I spent more than a decade forecasting futures as the manager of a hedge fund. We had tick-by-tick data going back decades, but there was a huge random component to this data that made automated prediction beyond a certain accuracy impossible. All the motives people have for buying and selling at a particular moment, combined with the sheer number of people trading, meant that no matter what we did, we’d never perfectly pluck signals from the noise.
In data science, we call these intractable problems, and, past a certain point, analytics and big data may simply never make progress.
The good news is that many problems that at first seem intractable can be addressed by tweaking your approach or your inputs.
Knowing when problems that seem intractable can be solved with some affordable changes will position a business—and a project sponsor—for ongoing success. Conversely, being able to recognize problems that are defined at an unrealistic scale will prevent squandering time and money that you could profitably apply to a more focused question.
Here are four troubleshooting methods that could improve your results. By iteratively applying one or more of them, you could exchange banging your head against a wall for increasing the chances of finding value in your analytics work.
1. Ask a More Focused Question
Often, the best way forward is to try to solve for a subpart of your original question and extrapolate lessons. Trying to determine the likelihood that any given social-media user will be interested in a car model you’re designing is likely intractable. Even with lots of good data, you might have too many variables to arrive at a model with real predictive value.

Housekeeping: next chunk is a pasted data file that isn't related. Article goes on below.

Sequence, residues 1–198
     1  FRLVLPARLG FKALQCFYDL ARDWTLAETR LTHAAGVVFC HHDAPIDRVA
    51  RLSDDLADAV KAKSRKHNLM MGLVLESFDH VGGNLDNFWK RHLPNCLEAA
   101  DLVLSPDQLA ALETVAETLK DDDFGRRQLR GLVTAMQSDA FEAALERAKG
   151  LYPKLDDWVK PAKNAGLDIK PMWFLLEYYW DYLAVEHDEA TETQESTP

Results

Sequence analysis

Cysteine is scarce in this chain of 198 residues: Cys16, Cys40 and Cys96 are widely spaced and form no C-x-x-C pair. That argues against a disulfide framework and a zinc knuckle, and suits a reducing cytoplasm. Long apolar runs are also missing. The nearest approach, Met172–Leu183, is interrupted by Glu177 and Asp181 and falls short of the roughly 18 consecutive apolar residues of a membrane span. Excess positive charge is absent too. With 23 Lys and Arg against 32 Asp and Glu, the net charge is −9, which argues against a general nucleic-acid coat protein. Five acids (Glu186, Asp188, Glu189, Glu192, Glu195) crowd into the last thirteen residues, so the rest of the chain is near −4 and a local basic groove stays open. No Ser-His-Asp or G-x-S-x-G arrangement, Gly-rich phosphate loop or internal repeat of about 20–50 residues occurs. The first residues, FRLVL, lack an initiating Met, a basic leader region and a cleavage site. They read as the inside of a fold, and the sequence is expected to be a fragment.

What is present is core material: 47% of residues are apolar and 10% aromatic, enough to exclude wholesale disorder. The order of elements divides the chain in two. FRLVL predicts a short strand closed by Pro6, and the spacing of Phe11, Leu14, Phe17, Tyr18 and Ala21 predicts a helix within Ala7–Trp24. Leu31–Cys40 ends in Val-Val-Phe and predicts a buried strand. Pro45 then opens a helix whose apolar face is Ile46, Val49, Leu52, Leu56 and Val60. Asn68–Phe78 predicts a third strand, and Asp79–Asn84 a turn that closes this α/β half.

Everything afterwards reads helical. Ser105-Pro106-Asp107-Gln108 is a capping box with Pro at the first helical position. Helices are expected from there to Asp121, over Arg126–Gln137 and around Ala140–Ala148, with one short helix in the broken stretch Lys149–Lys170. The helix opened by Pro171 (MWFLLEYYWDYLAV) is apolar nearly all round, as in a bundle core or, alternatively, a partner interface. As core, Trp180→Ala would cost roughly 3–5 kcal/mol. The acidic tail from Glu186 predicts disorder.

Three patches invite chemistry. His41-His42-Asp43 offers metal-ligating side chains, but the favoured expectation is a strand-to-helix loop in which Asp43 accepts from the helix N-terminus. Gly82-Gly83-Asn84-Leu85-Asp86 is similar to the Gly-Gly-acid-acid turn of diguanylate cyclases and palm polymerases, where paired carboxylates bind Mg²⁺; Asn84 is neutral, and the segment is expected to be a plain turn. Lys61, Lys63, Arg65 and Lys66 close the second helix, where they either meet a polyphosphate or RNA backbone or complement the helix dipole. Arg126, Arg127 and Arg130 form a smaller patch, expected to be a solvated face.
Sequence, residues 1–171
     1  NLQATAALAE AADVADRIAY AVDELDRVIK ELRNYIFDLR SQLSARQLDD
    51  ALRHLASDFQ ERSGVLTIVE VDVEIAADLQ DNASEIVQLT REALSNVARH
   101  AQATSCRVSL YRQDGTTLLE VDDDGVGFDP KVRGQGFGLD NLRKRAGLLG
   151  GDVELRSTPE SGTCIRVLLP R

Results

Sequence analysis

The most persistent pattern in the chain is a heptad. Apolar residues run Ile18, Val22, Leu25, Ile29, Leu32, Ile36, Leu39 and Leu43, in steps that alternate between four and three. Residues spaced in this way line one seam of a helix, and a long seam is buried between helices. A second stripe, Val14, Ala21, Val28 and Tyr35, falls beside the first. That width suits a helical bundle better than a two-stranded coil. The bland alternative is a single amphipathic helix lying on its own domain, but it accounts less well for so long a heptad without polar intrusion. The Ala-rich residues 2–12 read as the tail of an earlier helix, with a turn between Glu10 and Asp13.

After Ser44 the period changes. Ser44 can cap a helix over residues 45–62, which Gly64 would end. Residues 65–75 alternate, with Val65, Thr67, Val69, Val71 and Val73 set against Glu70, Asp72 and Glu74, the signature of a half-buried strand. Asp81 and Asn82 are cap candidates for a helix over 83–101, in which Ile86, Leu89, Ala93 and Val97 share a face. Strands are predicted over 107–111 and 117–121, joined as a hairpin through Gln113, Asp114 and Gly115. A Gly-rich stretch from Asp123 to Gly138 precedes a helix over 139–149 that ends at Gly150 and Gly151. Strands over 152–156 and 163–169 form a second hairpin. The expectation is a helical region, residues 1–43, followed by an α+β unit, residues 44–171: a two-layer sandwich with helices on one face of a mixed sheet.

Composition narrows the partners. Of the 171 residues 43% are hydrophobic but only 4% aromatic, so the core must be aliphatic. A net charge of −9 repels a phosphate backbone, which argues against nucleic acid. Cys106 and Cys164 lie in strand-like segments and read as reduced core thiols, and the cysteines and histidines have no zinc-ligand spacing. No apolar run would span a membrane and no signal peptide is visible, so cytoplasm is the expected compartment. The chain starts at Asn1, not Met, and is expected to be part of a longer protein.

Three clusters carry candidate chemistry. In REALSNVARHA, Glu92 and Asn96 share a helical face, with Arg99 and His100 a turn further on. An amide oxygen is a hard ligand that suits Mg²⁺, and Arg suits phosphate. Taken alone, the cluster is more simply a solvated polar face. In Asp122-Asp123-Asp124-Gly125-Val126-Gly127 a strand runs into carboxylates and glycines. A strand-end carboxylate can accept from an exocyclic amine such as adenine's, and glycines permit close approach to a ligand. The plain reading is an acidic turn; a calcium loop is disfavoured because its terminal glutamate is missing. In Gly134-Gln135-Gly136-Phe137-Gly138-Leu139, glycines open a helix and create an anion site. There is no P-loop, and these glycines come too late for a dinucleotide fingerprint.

Sometimes when you add a new set of data, skies open up, and you find new predictive power.
But you might be able to predict an increase or decrease in sales to a specific demographic. From there, you could determine whether a change such as a boxier design would boost sales to soccer moms more than they would hurt sales to single twentysomethings. That’s a more manageable problem scope that still delivers real value to your business.
The same approach can help you isolate variables that are throwing off your algorithm. Instead of trying to predict hospital readmission rates for all patients, for example, you might divide a patient set into two groups—perhaps one of patients with multiple significant conditions and the other of patients with only a single condition, such as heart failure.
If the quality of prediction in one group shows a meaningful improvement or decline, that would indicate that your algorithm works for a data set that is not just smaller, but specifically clear of a particular confounding variable present in the larger pool.